Chances are you have read or watched a lot of reporting and commentary over the past year regarding what the press dubbed “The Great Resignation.” According to the U.S. Bureau of Labor Statistics, thirty-three million people voluntarily left their jobs between April and December of 2021, over a fifth of the country’s workforce. News coverage cited poor wages in the service sector, employees reevaluating what type of work they find personally fulfilling, and the opportunity that stimulus money afforded some people to start their own businesses, as a few of the reasons behind the flight from the workplace. Obviously, many of those workers were not leaving work for good, but going through a period of reflection and adjustment, however, mixed in with those numbers were those who had decided to leave the work force for good and permanently retire. According to the Pew Research Center, in the third quarter of 2020, about 28.6 million Baby Boomers reported that they were retiring, about 3.2 million more than the number retiring in the same period in 2019. While undoubtably influenced by COVID-19, the bottom line is that even without the pandemic, millions of people retire every year, and the percentage of the U.S. population retiring increases yearly.
Like a wedding, or having a first child, retiring is a rite of passage in our society, and like the first two examples, how much we enjoy it can have a lot to do with how well we see it coming. In the 1960’s, psychiatrists Thomas Holmes and Richard Rahe developed an instrument called the Life Events Survey (also called the Life Change Index; you can look it up and take it online) that scores what is happening in an individual’s life to determine if they may be suffering from chronic stress. As a stressor, the act of retiring ranks just below being fired from work, and marital problems, and just above changes in the health of a family member, pregnancy, and sexual difficulties. Also on the scale: changes in finances, revision of personal habits, and changes in social activities; all of which typically occur along with retirement. Holmes and Rahe do not differentiate between retirement that is voluntary, forced, late, or early, reflecting what therapists have recognized for many decades now; retirement is stressful no matter the circumstances.
Good preparation for retirement requires actively acknowledging that retirement is a possibility one day and being intentional about getting ready for it. Most retirement planning conversations are about money, especially among younger people, and rightly so since financial shortfalls can be a major cause of stress, but there is more to planning for retirement than just dollars and cents. Work identify and personal identity are very much intertwined in American culture; think for a moment how often we start conversations with new acquaintances by asking “what do you do?” Many of us get an intense sense of purpose and meaning from our jobs, and a sense of belonging from our coworkers, so after money, one of the most common sources of retirement stress is feeling bored, irrelevant, or disconnected from others. To avoid this, planning starts with recognizing what you like most about your work and identifying replacements ahead of time. Non-profits, community groups, and religious organizations are always looking for volunteers with real-world experience, and volunteering with one whose mission you support can have the added benefit of fulfilling a sense of purpose. On the other hand, if you are happy to leave hands-on work behind when you retire, those same groups can be an excellent place to build up new social networks. It is possible to keep up friendships with past coworkers, and many do, but some retirees find that a gulf opens between them and their former work friends when they are no longer sharing the same day-to-day experiences. Having a strong and supportive network of friends is essential for good mental health, so if most of your friends are work friends, adding some from outside work before retiring is important.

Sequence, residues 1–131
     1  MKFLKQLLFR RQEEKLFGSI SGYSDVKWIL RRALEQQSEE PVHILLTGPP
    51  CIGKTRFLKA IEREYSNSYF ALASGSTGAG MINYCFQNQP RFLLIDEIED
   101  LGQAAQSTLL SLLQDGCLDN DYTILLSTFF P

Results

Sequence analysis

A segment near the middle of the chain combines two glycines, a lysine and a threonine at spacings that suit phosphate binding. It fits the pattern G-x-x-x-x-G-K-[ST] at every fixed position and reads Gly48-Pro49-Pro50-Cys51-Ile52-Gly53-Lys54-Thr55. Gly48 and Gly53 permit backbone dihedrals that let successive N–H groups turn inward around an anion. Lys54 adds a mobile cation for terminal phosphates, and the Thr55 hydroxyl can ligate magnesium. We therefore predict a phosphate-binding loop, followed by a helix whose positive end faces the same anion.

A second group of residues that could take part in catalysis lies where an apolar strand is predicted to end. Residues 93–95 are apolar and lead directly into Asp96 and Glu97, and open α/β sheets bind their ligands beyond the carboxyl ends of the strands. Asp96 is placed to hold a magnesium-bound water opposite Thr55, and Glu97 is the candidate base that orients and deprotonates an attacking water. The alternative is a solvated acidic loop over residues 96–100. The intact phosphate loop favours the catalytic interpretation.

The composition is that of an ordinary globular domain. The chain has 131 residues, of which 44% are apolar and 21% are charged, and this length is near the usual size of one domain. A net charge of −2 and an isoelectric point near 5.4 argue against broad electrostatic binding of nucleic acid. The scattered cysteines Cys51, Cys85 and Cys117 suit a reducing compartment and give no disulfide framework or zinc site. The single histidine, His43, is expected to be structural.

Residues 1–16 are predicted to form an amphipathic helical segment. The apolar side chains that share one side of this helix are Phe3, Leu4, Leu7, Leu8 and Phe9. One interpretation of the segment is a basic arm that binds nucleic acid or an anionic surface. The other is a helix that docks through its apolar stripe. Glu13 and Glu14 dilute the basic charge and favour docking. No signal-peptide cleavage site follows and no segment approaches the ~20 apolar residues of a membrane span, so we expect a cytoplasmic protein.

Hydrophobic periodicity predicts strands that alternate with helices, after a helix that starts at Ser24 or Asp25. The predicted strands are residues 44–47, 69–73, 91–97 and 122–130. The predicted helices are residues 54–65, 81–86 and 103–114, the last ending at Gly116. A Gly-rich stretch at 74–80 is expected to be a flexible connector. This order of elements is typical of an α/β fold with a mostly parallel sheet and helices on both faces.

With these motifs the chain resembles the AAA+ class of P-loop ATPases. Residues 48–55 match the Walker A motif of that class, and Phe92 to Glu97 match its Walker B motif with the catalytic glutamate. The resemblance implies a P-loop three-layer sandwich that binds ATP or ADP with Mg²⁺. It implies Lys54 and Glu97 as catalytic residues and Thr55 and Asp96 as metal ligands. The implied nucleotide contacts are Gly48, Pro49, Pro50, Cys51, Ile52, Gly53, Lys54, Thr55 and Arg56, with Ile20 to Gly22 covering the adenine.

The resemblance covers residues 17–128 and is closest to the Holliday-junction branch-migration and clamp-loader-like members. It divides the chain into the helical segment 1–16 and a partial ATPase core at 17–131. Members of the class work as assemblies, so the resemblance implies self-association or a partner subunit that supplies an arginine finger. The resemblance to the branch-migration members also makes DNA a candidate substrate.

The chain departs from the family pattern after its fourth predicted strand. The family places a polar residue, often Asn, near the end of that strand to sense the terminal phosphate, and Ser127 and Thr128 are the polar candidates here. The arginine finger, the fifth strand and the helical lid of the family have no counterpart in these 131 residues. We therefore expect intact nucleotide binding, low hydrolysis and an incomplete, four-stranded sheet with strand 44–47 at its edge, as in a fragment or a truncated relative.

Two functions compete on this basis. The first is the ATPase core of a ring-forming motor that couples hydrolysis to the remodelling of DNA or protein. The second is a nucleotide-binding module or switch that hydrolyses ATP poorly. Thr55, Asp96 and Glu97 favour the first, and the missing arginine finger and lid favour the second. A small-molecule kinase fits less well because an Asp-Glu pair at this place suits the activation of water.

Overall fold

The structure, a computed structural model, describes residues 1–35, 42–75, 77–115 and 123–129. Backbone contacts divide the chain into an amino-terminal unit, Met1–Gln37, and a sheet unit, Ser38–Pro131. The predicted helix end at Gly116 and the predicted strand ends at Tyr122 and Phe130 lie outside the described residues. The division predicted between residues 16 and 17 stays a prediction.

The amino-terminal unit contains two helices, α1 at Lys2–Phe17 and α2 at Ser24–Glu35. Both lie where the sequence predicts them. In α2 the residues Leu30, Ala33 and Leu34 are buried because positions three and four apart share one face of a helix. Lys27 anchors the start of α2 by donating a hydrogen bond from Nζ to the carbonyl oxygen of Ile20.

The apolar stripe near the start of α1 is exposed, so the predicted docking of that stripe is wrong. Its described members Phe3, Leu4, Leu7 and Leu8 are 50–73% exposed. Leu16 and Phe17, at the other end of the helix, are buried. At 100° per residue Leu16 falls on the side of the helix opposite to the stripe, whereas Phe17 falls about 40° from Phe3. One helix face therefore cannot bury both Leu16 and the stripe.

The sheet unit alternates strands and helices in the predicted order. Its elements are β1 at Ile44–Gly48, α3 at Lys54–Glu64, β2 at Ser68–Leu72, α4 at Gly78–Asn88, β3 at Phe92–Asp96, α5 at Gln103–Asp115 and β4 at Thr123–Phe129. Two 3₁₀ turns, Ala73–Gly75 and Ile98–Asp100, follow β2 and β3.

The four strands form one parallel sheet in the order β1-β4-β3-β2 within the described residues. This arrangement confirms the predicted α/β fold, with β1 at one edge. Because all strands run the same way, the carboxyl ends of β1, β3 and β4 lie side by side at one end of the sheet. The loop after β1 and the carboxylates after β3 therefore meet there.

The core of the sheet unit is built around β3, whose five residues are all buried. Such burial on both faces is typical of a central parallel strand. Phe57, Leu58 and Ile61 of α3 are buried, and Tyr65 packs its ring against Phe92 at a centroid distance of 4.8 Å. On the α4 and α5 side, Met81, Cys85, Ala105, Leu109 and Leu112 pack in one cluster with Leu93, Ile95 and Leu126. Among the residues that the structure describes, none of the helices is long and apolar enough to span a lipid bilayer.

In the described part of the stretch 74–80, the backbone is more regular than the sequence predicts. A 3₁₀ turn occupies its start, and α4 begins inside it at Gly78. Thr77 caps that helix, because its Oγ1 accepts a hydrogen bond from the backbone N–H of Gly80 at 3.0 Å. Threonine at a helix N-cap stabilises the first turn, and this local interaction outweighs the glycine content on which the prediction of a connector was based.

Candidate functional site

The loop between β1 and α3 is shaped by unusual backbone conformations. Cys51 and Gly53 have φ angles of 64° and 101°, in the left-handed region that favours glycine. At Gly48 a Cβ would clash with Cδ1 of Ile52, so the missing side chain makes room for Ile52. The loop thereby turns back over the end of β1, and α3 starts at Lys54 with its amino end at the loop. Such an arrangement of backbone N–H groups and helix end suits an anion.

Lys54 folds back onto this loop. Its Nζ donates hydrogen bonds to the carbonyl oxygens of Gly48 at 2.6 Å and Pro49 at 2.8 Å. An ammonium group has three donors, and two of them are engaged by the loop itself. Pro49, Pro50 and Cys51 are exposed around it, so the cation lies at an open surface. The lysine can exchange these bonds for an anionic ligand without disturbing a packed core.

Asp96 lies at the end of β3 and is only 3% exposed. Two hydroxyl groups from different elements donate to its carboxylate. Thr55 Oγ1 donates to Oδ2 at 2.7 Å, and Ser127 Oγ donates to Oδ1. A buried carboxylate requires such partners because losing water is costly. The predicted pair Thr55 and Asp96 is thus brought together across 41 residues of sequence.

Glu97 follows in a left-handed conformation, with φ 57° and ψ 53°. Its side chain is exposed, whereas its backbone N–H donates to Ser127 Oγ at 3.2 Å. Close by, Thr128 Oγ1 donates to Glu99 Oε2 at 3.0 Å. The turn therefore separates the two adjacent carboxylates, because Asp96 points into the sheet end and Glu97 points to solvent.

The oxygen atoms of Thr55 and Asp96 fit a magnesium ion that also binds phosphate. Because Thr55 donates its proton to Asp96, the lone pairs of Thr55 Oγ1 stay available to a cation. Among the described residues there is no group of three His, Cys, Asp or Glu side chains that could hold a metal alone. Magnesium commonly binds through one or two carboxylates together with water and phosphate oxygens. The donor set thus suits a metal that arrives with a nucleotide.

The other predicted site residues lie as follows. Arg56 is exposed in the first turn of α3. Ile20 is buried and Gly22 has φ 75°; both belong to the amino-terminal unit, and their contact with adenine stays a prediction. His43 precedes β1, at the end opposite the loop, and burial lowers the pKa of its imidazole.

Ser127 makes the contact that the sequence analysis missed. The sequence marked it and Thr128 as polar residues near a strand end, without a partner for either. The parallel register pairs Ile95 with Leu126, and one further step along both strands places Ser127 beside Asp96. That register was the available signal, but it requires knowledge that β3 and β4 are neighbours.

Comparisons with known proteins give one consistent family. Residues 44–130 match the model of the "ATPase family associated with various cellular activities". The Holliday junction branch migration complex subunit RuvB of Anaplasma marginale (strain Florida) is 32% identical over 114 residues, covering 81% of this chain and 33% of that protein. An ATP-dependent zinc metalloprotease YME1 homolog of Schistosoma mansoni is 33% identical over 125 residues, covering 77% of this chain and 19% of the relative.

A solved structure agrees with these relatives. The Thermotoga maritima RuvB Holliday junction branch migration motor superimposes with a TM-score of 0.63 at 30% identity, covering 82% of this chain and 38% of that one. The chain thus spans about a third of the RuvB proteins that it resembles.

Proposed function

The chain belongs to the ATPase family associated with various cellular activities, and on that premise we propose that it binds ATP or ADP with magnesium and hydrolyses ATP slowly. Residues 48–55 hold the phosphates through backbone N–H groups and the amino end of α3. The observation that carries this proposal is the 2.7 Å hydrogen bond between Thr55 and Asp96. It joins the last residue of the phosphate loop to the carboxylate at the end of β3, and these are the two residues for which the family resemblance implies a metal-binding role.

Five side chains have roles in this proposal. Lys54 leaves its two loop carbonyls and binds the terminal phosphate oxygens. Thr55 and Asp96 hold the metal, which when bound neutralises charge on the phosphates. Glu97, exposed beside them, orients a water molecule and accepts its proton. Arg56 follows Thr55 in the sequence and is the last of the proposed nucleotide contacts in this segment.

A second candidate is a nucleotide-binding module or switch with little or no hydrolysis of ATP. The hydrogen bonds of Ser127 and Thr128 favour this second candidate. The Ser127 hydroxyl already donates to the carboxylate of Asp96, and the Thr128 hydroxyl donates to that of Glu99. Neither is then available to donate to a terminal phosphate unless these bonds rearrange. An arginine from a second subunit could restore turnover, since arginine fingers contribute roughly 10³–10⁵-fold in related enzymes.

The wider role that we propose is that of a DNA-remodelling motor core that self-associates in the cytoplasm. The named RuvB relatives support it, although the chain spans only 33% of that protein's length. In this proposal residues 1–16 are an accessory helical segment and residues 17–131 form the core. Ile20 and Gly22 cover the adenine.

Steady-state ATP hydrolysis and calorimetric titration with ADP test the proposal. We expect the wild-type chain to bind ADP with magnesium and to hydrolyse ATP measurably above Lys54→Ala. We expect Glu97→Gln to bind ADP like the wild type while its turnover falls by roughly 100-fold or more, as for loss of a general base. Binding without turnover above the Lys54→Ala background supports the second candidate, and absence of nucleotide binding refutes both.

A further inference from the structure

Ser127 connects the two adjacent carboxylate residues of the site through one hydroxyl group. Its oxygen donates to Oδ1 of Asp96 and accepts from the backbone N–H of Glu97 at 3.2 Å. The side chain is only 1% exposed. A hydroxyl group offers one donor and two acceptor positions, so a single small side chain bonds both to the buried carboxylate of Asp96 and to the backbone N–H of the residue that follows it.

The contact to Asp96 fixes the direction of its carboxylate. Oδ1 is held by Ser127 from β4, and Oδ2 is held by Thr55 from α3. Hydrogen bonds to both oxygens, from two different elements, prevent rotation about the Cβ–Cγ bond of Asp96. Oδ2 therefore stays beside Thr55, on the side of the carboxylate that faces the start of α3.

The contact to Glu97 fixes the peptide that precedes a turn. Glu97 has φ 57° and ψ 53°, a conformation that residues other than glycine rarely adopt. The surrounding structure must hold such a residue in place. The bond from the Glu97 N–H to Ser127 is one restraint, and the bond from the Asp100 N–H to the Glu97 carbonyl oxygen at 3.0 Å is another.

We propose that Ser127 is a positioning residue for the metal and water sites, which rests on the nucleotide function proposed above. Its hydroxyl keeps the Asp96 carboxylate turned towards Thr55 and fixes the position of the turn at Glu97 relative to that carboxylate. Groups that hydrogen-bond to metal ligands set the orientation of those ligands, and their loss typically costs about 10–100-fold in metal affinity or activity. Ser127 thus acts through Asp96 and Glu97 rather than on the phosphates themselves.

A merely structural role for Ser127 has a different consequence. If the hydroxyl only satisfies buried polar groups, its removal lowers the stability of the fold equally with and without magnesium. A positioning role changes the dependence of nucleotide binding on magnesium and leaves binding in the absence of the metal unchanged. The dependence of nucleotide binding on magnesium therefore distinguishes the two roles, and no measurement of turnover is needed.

For those who retire around the “normal” age of sixty-five, this coincides with a natural period of reflecting on our lives and whether we accomplished our life goals. We all make decisions about what paths to pursue in life, influenced by our interests, ambition, family demands, health issues, finances, and other outside factors. People who experience regret over paths not taken can struggle to find happiness in retirement, however, retirement can also provide an opportunity to revisit interests or ambitions that had been set aside or develop new goals that are not tied to workplace achievements.
If you are preparing to retire and looking for more information or have already retired and are finding the adjustment difficult, there are resources that might be useful to you: The AARP offers a workshop series for people who are retiring; visit aarp.org and search for “workshops.” The Transition Network, a non-profit organization that serves women is online at ttnwomen.org and has chapters in Ohio. If you are still employed, ask your HR department if your company offers a phased retirement program that allows full-time workers to transition into part-time work.
This article appeared in the February 16, 2022 edition of The Lakewood Observer